Sounds plausible, I guess. In general folks are sniffing far too eagerly around the SOOOOper secret Harvard Corporation…. You remember Bagehot: “Its mystery is its life. We must not let in daylight upon magic.” When people leave you alone every day to play to your heart’s content with fifty billion dollars, you’re unlikely to want that situation to get fucked up.

October 17th, 2023
And as for all the super-moneybags taking hundreds of millions in donations back from Harvard…

… because of that school’s perceived inadequate response to the Hamas atrocities, you know how this blog — which for years has condemned anyone giving anything to an institution currently hoarding close to fifty four billion dollars — feels. Same goes for other obscenely overendowed Ivies. If this event helps narcissistic hedgies discover legitimate uses for their charity, tant mieux.

July 28th, 2023
‘[Harvard] could use some [of] the school’s $53 billion endowment to vastly reduce tuition, which is a barrier to many students. (By the way, how in the world do we permit an institution with that sort of accumulated wealth to declare itself a not-for-profit, tax-exempt entity?)’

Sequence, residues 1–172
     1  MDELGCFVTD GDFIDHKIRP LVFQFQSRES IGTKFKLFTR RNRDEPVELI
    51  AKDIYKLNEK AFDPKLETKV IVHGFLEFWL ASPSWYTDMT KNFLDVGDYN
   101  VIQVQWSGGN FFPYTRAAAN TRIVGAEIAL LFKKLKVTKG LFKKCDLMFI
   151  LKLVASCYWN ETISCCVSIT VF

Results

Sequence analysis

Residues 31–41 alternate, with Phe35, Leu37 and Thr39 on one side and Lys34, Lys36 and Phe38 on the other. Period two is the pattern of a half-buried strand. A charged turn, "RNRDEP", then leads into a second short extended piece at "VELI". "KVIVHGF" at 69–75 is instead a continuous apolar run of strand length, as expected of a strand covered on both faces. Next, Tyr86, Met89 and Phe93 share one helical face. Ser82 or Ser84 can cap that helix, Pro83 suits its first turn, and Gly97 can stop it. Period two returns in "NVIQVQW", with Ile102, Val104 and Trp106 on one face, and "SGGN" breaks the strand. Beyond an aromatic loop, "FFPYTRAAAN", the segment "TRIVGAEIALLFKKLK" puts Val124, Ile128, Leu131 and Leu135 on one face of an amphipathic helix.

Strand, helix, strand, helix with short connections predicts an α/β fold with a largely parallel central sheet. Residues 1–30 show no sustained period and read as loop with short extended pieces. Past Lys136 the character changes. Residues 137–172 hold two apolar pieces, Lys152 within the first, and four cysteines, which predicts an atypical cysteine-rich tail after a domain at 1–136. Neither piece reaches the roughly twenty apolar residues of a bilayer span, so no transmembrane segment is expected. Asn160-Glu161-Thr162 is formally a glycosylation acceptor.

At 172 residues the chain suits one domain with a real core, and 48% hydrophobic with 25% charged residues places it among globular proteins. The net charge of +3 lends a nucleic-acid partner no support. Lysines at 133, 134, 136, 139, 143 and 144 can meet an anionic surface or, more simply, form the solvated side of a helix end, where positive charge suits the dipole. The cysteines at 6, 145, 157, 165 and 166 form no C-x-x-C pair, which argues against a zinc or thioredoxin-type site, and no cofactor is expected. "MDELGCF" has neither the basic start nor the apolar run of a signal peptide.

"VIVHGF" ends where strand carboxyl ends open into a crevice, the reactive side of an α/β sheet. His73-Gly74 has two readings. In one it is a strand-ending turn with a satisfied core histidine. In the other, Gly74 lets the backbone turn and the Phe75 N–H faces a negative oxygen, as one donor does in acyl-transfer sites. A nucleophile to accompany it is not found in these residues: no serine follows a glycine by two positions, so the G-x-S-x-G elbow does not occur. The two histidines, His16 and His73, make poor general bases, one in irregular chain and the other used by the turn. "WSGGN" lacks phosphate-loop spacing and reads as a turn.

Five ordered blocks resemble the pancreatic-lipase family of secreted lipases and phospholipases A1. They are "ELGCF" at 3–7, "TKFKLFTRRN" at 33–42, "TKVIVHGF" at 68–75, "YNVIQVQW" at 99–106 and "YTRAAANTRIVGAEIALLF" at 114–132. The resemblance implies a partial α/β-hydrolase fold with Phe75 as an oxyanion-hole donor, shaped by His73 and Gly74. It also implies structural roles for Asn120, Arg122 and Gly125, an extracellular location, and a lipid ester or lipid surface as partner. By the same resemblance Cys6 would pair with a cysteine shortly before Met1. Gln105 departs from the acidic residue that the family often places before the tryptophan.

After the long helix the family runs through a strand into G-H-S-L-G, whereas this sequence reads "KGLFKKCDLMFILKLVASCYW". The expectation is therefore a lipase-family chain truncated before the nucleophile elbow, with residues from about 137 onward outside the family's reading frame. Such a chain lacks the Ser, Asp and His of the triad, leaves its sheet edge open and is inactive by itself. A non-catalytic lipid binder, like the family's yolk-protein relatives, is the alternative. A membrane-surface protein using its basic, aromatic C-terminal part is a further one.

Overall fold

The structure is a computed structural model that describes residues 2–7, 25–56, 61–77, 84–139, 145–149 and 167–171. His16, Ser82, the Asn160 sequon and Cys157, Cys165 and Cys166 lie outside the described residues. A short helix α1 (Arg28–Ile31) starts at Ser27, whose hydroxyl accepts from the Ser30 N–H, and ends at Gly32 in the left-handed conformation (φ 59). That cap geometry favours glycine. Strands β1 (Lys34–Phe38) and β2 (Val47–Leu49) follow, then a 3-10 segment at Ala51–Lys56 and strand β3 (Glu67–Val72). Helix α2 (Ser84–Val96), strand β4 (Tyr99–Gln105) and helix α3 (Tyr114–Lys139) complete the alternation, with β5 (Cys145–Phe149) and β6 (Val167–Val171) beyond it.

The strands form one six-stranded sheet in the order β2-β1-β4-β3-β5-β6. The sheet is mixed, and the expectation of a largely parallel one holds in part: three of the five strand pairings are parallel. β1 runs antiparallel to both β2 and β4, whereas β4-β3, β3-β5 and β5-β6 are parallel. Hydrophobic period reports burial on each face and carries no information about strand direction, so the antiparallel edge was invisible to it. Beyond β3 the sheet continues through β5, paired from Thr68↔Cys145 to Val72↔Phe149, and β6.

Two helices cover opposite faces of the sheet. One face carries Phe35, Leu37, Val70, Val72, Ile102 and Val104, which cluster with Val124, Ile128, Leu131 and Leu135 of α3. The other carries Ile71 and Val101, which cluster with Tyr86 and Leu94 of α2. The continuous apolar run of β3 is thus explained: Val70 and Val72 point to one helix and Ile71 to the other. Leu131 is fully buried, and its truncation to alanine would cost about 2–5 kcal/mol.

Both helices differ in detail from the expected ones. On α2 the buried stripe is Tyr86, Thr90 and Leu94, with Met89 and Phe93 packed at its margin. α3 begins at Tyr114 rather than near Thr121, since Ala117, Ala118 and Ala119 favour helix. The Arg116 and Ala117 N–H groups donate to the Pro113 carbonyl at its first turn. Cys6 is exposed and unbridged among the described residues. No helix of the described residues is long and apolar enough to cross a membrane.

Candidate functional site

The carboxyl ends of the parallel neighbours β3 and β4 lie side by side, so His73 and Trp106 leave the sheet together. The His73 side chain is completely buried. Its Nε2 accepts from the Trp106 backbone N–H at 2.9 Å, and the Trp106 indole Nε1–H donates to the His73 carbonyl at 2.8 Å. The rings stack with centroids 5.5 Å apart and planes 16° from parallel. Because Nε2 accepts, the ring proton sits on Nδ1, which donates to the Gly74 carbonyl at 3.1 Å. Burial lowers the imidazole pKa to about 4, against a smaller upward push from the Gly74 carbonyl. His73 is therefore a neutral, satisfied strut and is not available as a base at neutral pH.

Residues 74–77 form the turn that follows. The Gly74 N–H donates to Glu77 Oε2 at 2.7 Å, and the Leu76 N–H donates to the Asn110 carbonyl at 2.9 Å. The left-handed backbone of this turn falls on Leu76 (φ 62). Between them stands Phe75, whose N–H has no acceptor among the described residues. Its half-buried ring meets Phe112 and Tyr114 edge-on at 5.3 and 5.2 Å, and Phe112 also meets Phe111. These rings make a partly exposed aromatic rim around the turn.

A question we’ve asked for lo these many years on this blog.

July 11th, 2023
Now that we’re paying attention to legacy admissions, people are quoting…

Charles William Eliot, who was president of Harvard from … 1869 to 1909? Forty years???


In a 1904 letter to a friend, Eliot wrote:

I am inclined to think that you would be more tolerant than I of the presence of stupid sons of the rich...


Not a peep all this time from the far more tolerant subsequent presidents…

July 3rd, 2023

70% of Harvard’s donor-related and legacy applicants are white, and being a legacy student makes an applicant roughly six times more likely to be admitted.


[E]lite places become these little islands where rich people pass down their advantages to their kids. They marry each other. They invest massively in their kids. Their kids then go to these exclusive schools. They move to the same few metro areas. And people who don’t grow up in these kinds of resource-rich families are really left behind. We’ve created a caste society based on who gets into what exclusive colleges.


After the death of affirmative action as (per SCOTUS) unfair preference, the complex business of legacy admits seems also to be circling the drain.